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Lewin v. Mission Bend No. 5 Homeowners Association, Inc.

Court of Appeals of Texas, Fourteenth District

July 11, 2017

PETRINA LEWIN AND TRENTON LEWIN, JR., Appellants
v.
MISSION BEND NO. 5 HOMEOWNERS ASSOCIATION, INC., Appellee

         On Appeal from the 268th District Court Fort Bend County, Texas Trial Court Cause No. 14-DCV-216722

          Panel consists of Justices Boyce, Busby, and Wise.

          MEMORANDUM OPINION

          J. Brett Busby Justice

         Mission Bend No. 5 Homeowners Association, Inc. sued property owners Petrina and Trenton Lewin for unpaid annual assessments and other fees.[1] After suit was filed, the Lewins made a payment to the Association. To seek the remaining balance it felt was owed on the Lewins' account, the Association filed a motion for summary judgment. The Lewins asserted a defense that they had paid the full amount the Association said was owed and filed counterclaims against the Association. The trial court granted summary judgment for the Association and the Lewins appeal, raising two issues. First, the Lewins argue the summary judgment is not final because there are pending counterclaims. Second, the Lewins argue that the Association did not conclusively prove it gave the Lewins all lawful credits and did not move for summary judgment on their counterclaims.

         We conclude the summary judgment is final because it expressly provides that it disposes of all claims and parties. On the merits, we hold the Association did not conclusively prove that it gave the Lewins all credits to which they were entitled, and the trial court erred in granting summary judgment on the Lewins' counterclaims without a proper motion. We therefore reverse the judgment and remand for further proceedings.

         Background

         The Lewins own property located in a subdivision in Fort Bend County. The deed to the property contains a "Covenant for Maintenance Assessments." This covenant requires the owner to pay the Association annual and special assessments, interest on untimely assessment payments, and reasonable attorneys' fees. According to the deed, the annual and special assessments are "a charge on the land" and become a lien on the property when each assessment is made. The deed provides that the Association may bring legal action for unpaid fees or foreclose the lien against the property.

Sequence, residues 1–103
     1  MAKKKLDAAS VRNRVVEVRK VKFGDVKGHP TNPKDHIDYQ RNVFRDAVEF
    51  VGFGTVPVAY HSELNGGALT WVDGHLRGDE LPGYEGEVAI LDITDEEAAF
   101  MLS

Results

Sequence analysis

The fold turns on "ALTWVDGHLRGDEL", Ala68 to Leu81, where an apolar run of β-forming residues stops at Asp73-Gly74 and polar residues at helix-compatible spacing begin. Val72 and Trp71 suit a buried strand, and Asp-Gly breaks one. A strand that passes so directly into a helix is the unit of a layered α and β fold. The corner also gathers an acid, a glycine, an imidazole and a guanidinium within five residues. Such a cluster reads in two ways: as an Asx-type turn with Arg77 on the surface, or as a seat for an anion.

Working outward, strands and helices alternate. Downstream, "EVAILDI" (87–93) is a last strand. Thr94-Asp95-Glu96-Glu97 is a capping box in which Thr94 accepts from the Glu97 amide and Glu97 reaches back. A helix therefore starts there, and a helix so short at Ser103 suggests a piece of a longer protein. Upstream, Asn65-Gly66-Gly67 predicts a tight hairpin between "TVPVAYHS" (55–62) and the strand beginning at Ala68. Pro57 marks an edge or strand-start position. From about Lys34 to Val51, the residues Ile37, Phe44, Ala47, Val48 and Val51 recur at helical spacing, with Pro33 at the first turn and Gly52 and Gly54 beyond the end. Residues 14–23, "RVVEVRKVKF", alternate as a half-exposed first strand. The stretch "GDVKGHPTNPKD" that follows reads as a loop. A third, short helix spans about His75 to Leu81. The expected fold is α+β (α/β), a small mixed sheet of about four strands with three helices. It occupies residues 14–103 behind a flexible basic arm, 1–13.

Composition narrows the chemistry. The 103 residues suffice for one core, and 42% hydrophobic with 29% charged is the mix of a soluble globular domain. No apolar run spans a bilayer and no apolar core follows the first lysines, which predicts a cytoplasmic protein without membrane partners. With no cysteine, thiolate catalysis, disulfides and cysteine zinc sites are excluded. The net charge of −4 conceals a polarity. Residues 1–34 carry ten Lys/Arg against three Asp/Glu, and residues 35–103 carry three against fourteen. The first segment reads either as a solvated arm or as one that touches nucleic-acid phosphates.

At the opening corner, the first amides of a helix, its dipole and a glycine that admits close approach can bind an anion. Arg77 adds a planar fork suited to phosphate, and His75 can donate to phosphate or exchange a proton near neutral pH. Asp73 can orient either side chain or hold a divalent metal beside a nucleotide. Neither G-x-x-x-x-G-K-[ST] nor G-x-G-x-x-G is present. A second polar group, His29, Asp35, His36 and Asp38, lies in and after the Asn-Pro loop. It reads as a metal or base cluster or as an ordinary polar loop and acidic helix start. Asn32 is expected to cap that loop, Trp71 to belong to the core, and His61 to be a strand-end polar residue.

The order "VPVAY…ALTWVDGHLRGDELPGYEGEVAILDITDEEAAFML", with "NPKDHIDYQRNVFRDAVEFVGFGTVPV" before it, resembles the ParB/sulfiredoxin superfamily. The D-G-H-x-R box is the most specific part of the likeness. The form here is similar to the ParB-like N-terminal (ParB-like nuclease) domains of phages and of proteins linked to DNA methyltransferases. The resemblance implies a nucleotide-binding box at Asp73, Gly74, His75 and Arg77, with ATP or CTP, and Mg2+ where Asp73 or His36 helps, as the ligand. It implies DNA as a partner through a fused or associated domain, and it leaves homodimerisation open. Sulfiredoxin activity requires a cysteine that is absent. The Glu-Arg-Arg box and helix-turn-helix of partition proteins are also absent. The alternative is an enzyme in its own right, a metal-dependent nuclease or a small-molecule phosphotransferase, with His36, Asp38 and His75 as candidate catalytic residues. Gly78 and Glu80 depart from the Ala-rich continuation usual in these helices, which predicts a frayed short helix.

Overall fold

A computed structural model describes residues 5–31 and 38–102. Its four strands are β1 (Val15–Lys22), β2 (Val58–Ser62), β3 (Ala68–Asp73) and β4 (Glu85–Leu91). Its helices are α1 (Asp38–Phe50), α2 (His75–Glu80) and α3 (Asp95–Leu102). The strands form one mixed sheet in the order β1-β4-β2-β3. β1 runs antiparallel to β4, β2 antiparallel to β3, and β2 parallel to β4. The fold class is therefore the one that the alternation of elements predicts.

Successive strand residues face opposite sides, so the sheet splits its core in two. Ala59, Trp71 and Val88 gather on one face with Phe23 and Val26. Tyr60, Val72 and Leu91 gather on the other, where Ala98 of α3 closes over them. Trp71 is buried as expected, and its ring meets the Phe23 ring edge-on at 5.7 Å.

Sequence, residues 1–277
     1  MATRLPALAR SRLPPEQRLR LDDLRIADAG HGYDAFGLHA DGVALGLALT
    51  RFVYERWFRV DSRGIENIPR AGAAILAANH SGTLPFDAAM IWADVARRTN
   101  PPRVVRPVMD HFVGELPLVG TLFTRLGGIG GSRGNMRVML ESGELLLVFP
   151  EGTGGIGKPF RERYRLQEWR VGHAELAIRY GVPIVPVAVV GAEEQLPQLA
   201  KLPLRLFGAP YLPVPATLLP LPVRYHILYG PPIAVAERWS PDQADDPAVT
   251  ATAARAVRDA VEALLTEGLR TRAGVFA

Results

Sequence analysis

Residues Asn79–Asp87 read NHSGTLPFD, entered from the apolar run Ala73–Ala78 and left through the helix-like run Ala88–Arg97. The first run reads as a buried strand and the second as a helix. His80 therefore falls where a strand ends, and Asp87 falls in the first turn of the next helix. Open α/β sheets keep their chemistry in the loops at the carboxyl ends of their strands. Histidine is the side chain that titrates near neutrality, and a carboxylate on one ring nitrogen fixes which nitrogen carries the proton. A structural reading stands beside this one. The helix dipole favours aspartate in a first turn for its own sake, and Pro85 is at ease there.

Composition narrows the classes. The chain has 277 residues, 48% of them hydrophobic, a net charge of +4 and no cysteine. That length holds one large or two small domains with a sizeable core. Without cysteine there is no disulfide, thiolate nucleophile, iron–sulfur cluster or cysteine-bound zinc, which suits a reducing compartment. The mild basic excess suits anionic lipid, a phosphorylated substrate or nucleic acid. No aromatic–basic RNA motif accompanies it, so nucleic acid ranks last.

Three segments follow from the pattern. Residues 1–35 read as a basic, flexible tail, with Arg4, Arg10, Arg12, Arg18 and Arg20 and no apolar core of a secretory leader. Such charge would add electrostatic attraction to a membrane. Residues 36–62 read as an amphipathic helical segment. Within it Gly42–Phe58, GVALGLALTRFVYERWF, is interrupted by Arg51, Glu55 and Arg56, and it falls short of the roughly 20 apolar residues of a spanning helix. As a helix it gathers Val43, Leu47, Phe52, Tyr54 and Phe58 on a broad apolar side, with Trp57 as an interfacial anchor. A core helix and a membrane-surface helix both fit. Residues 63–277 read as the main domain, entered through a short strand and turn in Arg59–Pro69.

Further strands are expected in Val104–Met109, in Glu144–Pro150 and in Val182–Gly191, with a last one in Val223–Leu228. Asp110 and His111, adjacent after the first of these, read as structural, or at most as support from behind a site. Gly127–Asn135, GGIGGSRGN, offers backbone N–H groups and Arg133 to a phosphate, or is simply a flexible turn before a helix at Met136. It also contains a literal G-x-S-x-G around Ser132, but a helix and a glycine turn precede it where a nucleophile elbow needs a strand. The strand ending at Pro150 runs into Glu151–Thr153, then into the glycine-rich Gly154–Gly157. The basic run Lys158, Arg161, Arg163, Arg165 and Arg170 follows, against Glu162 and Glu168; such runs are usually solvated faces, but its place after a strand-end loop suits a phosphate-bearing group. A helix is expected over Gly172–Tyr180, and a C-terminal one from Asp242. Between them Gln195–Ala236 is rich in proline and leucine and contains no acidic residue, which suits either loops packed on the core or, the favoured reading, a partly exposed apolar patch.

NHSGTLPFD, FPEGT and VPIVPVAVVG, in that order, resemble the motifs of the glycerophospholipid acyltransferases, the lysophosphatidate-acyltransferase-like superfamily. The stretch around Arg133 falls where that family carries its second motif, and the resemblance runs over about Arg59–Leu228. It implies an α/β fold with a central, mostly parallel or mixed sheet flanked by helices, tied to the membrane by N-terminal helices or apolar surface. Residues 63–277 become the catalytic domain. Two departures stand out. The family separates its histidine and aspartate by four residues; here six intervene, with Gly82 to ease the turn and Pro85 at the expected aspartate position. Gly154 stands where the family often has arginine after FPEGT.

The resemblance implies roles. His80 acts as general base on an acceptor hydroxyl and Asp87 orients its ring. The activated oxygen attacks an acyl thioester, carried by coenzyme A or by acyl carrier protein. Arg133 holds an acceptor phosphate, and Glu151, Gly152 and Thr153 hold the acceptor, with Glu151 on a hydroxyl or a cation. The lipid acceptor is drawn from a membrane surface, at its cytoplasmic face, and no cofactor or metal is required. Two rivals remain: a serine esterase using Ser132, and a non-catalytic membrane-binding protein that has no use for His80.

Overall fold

In August 2014, the Association sued the Lewins to collect unpaid annual maintenance assessments, interest, and other charges and to foreclose on its lien. The Lewins originally answered with a general denial. In February 2015, the Lewins paid the Association $1, 229.98. In Trenton Lewin's affidavit, he states that he called the Association to verify the amount and paid the amount the Association said was owed.

         The Association filed a traditional motion for summary judgment seeking a remaining balance of $1, 222.58 as well as attorneys' fees. The Lewins amended their answer to assert an affirmative defense that the amount was paid in full; they also alleged counterclaims for breach of contract, violation of the Deceptive Trade Practices Act (DTPA), and fraud.[2] The Association then amended its motion for summary judgment, changing only the amount of attorneys' fees the Association had incurred. The amended motion did not address the Lewins' counterclaims.

         After the Lewins responded to the Association's motion for summary judgment, the trial court granted that motion, awarding the Association $1, 222.58 plus attorneys' fees and ordering foreclosure on the Association's lien. The Lewins appeal the trial court's grant of summary judgment to the Association.

         Analysis

         I. The summary judgment is final.

         In their first issue, the Lewins challenge our appellate jurisdiction, arguing that the order granting the Association's motion for summary judgment is interlocutory because their counterclaims were not addressed. We conclude that the summary judgment is final.

         As a general rule, an appeal may be taken only from a final judgment. Lehmann v. Har-Con Corp., 39 S.W.3d 191, 195 (Tex. 2001). A judgment's finality is not determined by its form, but by its language and the record on appeal. B.Z.B., Inc. v. Clark, 273 S.W.3d 899, 902 (Tex. App.-Houston [14th Dist.] 2008, no pet.) (citing Lehmann, 39 S.W.3d at 195). If the finality of the judgment is uncertain, ...


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